Repeat for third and fourth terms. By the end of fourth term, students will have their most-up-to-date grades on every standard in your fourth term gradebook. Their grade for the year will be based 80% on their end-of-year standings on all standards, and 20% on their final and portfolio.

At least that’s how I do it. Hope this is helpful.

C-block, precalc, planning to discuss conditional statements. The anticipatory question: “Complete the sentence any way you want: “If _________, then __________.” Expecting a mix of banality and hilarity from my seniors. This is what I get:

“If you work hard, you’ll see results.”
“If I do well in school, I can achieve my dreams.”
“If I persevere, I can overcome any obstacle.”

And half a dozen more in the same vein.

I don’t know what’s happening at my previously-underpeforming turnaround school but whatever it is, I want more.

After all my talk about Algebra 2, it has worked out that this year I’m teaching precalculus instead. So I’m trying a hybrid of my favorite models: IBL, based on the Moore method; the Math Circle; and, following Lockhart, the art class at my school.

I have 80 minutes a day. I put up definitions and problems, which are often theorems to prove. Students work on the ones that interest them, or if none appeal, they can try to tackle one of the classic puzzles I have in a binder in the corner. We start each day with presentations. (Once a student has presented a solution that meets with class approval, they can submit it for publication in the class journal.) Then I might talk for a few minutes on problem-solving strategies, or values like persistence, or just give them the next few problems. Then work time for 30 minutes or so. I wander around to help or encourage. Students at a dead end can recharge with a Rubik’s cube or soma blocks. We end with a short reflection on where people are and how they’re feeling.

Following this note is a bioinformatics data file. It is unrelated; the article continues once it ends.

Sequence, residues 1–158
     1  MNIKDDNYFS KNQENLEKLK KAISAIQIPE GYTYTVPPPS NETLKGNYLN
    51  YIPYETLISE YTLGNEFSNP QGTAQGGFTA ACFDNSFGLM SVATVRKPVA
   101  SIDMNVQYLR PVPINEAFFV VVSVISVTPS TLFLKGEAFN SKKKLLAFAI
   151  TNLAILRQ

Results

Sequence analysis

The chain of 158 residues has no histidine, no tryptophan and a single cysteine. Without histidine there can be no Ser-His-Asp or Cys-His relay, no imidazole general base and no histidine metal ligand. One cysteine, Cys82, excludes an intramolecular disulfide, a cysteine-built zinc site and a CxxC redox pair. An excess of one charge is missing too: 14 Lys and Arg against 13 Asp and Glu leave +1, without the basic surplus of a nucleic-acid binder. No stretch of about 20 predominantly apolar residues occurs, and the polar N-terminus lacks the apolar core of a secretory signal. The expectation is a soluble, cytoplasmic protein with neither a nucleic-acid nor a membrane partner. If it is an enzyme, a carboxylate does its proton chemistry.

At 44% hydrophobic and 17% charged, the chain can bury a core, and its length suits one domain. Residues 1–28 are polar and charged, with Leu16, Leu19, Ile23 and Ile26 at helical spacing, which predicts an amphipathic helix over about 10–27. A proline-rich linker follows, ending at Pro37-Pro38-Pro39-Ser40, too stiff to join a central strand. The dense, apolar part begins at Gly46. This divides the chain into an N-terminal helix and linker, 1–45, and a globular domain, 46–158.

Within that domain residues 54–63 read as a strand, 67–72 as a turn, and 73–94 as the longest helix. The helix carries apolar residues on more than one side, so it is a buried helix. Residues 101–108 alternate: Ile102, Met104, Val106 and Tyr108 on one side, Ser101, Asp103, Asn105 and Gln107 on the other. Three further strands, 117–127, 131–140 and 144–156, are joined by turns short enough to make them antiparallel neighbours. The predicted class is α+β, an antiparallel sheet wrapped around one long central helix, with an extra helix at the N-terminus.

So, Friday – day 2. Everyone’s working. A few are still a little freaked out, but everyone is working productively on one problem or another. The first presentations were all over the map, but they were an occasion to talk about taking time to get good at presenting, which opened up a conversation about what makes a presentation good. Still, twenty percent of the students are ready to draft their first articles. And it’s only day 2! A student calls me over. I see he is working on Problem 1. He looks up at me and says, “I had a breakthrough.”

I know just how he feels.